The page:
Through talking to clients and friends, I realize that one of the biggest barriers to eating healthy is the cost. In fact, the other day a friend lamented to me that his grocery bill tripled when he chose healthier options. And while some of the cost feels inevitable (compare the price of Ramen noodles to the price of just about anything), there are many ways to make eating healthy a budget-friendly venture. From buying frozen to re-thinking food variety down to where you choose to shop, read on for the best tips and tricks to save your wallet while still eating well.  

First, make your freezer your new BFF.

Not only can you store meat in there for up to four months, but you can stock it full of fruits and veggies for just a fraction of the cost of fresh produce. Frozen fruits and veggies often get a bad rap, but the truth is that they contain more vitamins and minerals than their fresh counterparts! This is because those beloved blueberries and bell peppers were picked at the peak of their ripeness and flash-frozen. That steam-in-bag broccoli isn’t looking so bad now, is it? 

Secondly, rethink how you vary your produce, meat, and grains.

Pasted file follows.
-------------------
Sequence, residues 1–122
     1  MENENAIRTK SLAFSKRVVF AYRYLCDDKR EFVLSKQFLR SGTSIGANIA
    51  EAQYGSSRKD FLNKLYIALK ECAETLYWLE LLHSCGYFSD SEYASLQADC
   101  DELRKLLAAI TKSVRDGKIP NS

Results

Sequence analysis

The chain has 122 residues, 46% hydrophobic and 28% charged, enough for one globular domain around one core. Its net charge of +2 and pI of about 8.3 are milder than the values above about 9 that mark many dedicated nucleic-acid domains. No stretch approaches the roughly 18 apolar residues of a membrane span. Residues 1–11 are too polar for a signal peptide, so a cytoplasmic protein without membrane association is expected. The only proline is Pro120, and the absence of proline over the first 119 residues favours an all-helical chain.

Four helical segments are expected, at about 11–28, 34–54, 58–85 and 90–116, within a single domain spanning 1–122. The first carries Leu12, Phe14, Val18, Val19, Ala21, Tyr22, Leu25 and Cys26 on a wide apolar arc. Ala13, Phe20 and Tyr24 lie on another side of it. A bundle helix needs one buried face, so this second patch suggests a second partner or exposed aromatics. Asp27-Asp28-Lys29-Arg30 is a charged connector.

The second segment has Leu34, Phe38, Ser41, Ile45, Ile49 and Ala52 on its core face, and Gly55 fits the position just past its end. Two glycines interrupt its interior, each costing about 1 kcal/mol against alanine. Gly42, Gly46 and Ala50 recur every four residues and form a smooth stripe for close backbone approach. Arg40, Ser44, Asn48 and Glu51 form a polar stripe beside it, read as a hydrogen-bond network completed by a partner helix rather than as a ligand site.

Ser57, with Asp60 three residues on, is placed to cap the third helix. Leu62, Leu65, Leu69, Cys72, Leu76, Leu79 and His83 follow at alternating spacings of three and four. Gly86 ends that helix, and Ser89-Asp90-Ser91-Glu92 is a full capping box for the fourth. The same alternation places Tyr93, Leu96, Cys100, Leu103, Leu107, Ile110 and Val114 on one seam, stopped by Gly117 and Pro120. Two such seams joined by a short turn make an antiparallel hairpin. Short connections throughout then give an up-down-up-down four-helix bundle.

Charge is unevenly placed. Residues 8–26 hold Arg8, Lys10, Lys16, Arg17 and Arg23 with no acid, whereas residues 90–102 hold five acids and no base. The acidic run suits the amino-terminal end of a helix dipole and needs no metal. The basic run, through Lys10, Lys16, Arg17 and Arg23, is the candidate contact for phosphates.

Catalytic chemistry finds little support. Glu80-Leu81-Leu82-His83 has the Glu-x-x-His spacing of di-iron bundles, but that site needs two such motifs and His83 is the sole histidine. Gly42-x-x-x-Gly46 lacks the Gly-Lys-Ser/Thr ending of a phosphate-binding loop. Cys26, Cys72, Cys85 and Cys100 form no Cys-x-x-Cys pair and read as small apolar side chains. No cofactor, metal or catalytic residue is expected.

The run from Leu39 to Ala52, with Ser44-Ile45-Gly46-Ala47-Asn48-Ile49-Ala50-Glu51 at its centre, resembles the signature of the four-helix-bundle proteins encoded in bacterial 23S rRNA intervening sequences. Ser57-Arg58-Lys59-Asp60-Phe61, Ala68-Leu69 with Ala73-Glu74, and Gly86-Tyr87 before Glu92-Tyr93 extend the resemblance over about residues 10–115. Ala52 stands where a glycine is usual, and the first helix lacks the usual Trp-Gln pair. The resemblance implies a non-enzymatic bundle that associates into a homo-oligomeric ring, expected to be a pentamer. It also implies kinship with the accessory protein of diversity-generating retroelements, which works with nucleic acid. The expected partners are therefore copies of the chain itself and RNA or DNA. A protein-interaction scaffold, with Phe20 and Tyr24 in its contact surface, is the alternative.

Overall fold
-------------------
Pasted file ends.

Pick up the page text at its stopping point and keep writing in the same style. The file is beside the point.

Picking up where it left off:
Nutrition experts everywhere encourage food variety to get all needed vitamins and minerals, preserve gut health, and prevent boredom at meal times. However, most of us don’t have unlimited budgets – and fridge space – to accommodate a different fruit, veggie, meat, and grain at every single meal throughout the week. This is when rotating your purchases comes into play. If you buy blueberries, bananas, and grapes one week, buy strawberries, apples, and oranges the next. One week can be all about spinach as long as the next one focuses on kale. For protein, do your best to cycle through chicken, turkey, fish, and eggs each week with guest appearances from red meats and pork products.

Lastly, minimize the cost of eating healthy by changing up your go-to grocery stores.

You’ll find that some stores have better deals on meat, while others have amazing produce sections. In general, big retailers like Harris Teeter and Food Lion are best for meat, as they have the largest selection. (Some exceptions: Trader Joe’s $2.99 ground turkey and Costco’s $4.99 rotisserie chicken.) For produce, milk, yogurt, and eggs, check out Aldi. Shop Trader Joe’s private label products for savings on snack foods, canned goods, coffee, frozen meals, and more. Trader Joe’s is especially cost-effective for specialty diet items, like gluten-free bread, dairy-free cheese, and vegan products. 

Finally, remember that healthy eating doesn’t have to be complicated.

Protein bars, supplements, shakes, and other “health” foods will increase your grocery bill. By sticking to the basics – veggies, fruit, meat, whole grains, etc – you’ll minimize ingredients and maximize your grocery budget.